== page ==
Most importantly, you will gain confidence to speak up in front of others, a skill that will serve you throughout your career.
5 Thesis Defense Myths That You Can Debunk Right Now
If you’re worried about your thesis defense, take a deep breath.
The reality is that for most students, the thesis defense is a formality.
By this point in your studies, you’re on track to graduate.
If you’ve been approved to defend your thesis, your success is almost 100% assured.
Still not sure? Here are five myths about the thesis defense, that might be causing you undue anxiety.
Myth 1: If you can’t answer every question, your thesis won’t be approved.
It’s always a good idea to prepare and practice for some questions before your thesis defense.
But don’t get stuck thinking you’ll be expected to know everything in order to pass your defense.
If you’ve conducted your research and written your thesis, you’re already, by definition, an expert in your field.
Being an expert doesn’t mean you have to have all the answers.
As you know, research is a never-ending journey, and there’s always more to learn no matter your level of expertise.
Your thesis committee knows this, too.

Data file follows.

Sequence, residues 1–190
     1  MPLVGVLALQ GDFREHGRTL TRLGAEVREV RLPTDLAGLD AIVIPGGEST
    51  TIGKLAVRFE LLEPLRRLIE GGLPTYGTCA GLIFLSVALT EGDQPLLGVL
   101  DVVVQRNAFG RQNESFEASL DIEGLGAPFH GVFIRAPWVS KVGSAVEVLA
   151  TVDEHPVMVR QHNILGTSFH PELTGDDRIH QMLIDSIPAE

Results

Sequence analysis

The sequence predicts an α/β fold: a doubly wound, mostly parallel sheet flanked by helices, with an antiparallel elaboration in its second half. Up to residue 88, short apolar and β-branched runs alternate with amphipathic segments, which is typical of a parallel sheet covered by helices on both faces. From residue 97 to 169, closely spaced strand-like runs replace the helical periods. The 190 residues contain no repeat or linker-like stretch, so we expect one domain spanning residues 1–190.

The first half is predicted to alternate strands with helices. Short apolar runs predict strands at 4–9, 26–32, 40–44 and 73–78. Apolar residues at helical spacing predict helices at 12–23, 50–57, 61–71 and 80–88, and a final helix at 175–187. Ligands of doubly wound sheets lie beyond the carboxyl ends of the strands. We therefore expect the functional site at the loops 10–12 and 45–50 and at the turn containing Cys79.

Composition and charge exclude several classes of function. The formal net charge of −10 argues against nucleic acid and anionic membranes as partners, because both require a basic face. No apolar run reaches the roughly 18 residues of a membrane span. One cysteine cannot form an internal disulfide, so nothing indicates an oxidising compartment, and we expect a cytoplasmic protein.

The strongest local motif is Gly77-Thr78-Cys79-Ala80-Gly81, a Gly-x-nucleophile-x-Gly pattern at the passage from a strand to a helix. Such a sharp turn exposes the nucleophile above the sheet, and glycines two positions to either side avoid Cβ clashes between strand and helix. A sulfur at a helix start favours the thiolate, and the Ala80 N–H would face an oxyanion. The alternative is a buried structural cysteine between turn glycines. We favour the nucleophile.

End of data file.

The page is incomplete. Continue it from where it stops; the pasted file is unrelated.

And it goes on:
Your thesis defense is a chance for you to show that you’ve learned how to research independently.
If you’re asked a question you’re not sure about, it’s okay to admit you don’t know.
In fact, it’s good!
Don’t try to make up an answer…your committee will see through it.
Instead, explain how you would find out the answer
Remember, if you’ve made it to your thesis defense, the hard part is over.
You’ve already had your topic approved, done your research, and survived writing your thesis.
Myth 2: Your committee wants to catch you in a mistake
No one is out to get you.
In fact, your committee is on your side.
They want you to graduate.
You’re in control; it’s your job to lead your thesis defense.
This is your research, your education, and your future that’s on the line.